Veteran Associated Press reporter Kathy Gannon is the latest knowledgeable observer of the Afghan scene to note that a majority of Afghans have begun to seriously question the foreign occupation of their country:
Afghans Fed Up With Government, USRelated:
by Kathy Gannon
GHANI KHIEL, Afghanistan, Sept 7 (AP) - The bearded, turbaned men gather beneath a large, leafy tree in rural eastern Nangarhar province. When Malik Mohammed speaks on their behalf, his voice is soft but his words are harsh. Mohammed makes it clear that the tribal chiefs have lost all faith in both their own government and the foreign soldiers in their country.
Such disillusionment is widespread in Afghanistan...
"This is our land. We are afraid to send our sons out the door for fear the American troops will pick them up," says Mohammed, who was chosen by the others to represent them. "Daily we have headaches from the troops. We are fed up. Our government is weak and corrupt and the American soldiers have learned nothing."
A strong sense of frustration echoed through dozens of interviews by The Associated Press with Afghan villagers, police, government officials, tribal elders and Taliban who left and rejoined the religious movement. The interviews ranged from the capital, Kabul, to the rural regions near the border with Pakistan.
The overwhelming result: Ordinary Afghans are deeply bitter about American and NATO forces because of errant bombs, heavy-handed searches and seizures and a sense that the foreigners do not understand their culture. They are equally fed up with what they see as seven years of corruption and incompetence in a U.S.-backed government that has largely failed to deliver on development.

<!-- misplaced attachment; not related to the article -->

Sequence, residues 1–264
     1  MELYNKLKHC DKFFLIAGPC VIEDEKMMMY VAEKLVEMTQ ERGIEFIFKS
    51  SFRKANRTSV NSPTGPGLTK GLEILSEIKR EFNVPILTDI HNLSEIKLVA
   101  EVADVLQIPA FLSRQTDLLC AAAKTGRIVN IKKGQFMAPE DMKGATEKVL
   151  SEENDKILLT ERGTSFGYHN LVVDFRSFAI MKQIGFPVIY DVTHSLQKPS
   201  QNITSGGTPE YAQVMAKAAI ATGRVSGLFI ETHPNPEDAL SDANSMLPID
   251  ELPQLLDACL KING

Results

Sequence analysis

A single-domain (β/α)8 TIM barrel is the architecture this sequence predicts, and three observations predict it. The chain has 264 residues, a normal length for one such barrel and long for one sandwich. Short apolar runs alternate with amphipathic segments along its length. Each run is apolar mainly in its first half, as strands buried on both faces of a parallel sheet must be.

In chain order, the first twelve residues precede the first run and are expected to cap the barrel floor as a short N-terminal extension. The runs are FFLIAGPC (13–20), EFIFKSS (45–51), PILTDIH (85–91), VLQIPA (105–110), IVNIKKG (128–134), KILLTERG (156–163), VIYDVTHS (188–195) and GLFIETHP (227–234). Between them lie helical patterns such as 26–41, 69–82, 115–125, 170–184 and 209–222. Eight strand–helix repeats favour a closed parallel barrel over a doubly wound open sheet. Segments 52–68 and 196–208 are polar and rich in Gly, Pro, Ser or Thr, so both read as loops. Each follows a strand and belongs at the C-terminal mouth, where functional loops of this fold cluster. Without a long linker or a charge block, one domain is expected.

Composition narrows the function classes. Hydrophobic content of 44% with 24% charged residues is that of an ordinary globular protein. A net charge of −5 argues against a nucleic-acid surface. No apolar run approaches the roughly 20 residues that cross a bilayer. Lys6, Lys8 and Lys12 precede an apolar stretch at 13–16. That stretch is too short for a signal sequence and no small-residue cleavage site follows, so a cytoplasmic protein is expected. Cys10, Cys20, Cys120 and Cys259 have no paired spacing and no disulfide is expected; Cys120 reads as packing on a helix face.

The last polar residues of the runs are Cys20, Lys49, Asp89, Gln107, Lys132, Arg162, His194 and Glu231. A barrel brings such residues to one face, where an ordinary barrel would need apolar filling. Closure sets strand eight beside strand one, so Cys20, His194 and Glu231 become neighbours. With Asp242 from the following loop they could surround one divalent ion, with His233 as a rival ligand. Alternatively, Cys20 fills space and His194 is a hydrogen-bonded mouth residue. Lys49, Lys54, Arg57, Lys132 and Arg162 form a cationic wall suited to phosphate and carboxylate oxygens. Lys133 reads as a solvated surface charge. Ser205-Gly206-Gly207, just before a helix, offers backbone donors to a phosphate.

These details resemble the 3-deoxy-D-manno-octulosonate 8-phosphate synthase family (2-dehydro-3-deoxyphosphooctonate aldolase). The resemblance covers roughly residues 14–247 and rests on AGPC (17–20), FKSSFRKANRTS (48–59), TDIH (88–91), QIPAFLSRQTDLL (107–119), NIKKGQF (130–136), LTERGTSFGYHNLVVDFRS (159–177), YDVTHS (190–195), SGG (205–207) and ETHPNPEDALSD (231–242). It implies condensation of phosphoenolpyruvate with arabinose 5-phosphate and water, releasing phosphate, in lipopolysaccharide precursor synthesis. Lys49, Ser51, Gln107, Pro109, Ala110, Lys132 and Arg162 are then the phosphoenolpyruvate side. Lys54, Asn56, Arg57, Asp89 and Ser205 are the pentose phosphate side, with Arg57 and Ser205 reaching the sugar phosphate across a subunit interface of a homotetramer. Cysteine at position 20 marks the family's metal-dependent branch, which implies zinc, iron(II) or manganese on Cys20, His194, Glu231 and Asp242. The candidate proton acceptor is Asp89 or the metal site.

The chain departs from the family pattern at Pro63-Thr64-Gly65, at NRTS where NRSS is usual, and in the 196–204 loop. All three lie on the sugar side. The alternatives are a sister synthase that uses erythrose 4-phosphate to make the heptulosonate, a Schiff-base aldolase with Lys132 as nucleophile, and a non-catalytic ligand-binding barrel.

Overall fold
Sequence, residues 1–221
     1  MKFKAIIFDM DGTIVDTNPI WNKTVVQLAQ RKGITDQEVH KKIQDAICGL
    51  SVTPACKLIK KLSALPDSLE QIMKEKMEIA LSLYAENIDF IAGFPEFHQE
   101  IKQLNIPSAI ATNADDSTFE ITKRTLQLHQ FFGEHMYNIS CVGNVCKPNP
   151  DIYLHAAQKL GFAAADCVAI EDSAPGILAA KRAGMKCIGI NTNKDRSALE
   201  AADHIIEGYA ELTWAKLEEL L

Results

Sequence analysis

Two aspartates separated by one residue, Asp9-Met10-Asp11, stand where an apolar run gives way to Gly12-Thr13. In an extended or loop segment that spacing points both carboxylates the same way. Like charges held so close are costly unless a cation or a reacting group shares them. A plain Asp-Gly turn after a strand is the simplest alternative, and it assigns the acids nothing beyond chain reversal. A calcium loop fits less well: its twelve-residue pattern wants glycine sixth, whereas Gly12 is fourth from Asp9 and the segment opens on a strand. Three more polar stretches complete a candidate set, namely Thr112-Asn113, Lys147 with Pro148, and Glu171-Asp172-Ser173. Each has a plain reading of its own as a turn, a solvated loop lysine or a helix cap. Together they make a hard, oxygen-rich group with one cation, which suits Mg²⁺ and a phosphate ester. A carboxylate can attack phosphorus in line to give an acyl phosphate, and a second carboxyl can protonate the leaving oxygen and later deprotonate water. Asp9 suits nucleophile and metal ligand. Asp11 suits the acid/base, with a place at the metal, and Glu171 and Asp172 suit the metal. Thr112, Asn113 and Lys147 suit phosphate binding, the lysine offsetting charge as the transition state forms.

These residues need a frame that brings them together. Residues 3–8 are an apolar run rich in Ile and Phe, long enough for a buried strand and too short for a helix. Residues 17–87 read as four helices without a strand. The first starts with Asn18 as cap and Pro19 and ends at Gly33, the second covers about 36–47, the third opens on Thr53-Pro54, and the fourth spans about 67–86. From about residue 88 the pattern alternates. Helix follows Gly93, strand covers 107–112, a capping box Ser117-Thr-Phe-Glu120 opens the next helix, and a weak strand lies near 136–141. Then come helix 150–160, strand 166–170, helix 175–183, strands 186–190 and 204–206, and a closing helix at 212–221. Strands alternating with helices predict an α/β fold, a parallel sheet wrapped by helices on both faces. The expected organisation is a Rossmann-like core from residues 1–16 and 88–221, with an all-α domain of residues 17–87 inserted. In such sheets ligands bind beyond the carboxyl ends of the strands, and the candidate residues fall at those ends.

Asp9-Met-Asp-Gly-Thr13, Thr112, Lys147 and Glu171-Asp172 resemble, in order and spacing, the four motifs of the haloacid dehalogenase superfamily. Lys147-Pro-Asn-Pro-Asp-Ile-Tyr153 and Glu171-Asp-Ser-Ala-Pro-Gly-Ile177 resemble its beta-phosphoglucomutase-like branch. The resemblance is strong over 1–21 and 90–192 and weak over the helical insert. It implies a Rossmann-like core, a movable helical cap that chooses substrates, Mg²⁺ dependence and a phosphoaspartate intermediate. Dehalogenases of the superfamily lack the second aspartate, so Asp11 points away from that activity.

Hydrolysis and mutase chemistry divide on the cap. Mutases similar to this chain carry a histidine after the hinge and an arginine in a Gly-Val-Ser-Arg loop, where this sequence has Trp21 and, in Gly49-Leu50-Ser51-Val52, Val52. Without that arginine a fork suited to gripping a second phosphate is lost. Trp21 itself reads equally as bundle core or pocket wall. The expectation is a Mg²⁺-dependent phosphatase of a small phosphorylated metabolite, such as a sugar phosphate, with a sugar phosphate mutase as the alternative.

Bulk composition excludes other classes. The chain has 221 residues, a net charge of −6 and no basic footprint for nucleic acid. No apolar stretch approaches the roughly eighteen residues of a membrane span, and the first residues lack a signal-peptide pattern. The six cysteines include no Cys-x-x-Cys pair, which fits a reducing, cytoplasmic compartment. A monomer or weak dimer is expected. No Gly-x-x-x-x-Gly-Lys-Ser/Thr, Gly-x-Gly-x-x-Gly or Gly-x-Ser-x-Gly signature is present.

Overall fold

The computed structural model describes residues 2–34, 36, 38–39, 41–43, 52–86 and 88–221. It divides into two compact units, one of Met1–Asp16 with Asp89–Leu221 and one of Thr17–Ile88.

Even with more foreign troops, Afghanistan is now less secure...
Inside the walled compound of the Independent Human Rights Commission in Kabul, workers are knee-deep in statistics that measure the dissatisfaction of Afghans. An army of workers crisscrossed 33 of the country's 34 provinces and took the opinions of 15,200 people, mostly in rural areas. The survey has not been released, but Ahmad Nader Nadery, the commissioner, gave The AP a preview.
The survey, done annually for the past three years, shows a steady deterioration in the social and economic stability of Afghans, Nadery says. Average debt last year was $1,000 and is now 20 percent higher. And up to 73 percent of Afghans say they cannot go to the government for help unless they have money or power...
Najib, a policeman who asks not to be identified beyond his first name for fear of losing his job, reflects the general anger...
"The president is crying, but nothing has changed," says Najib... "People are unhappy, and more and more it will become difficult for the Americans and good for the Taliban. These people (U.S. troops) are not making one mistake, but they are making one thousand mistakes and they are killing many people." ...
"An Afghan trucker put it succinctly: 'Forget the Taliban, our biggest problems are with the police,'" says Seth Jones, an analyst with the U.S.-based RAND Corporation and author of a report on the rise of Afghanistan's insurgency... (link)
- An as-yet unreleased Senlis Council poll says a majority of Afghans want foreign troops to leave their country.
- The Toronto Star's Rosie DiManno says that "hostility... is rapidly replacing the warm welcome that most Afghans had originally given their 'liberators.'"
- Pakistan-born Tariq Ali says that a majority of Afghans are increasingly hostile to the occupation.
- Author Sonali Kolhatkar: "I would say that a majority of Afghans now want the US and NATO to leave as soon as possible."
- An American soldier comments: "I don't see thumbs up anymore, sir... Only thumbs down."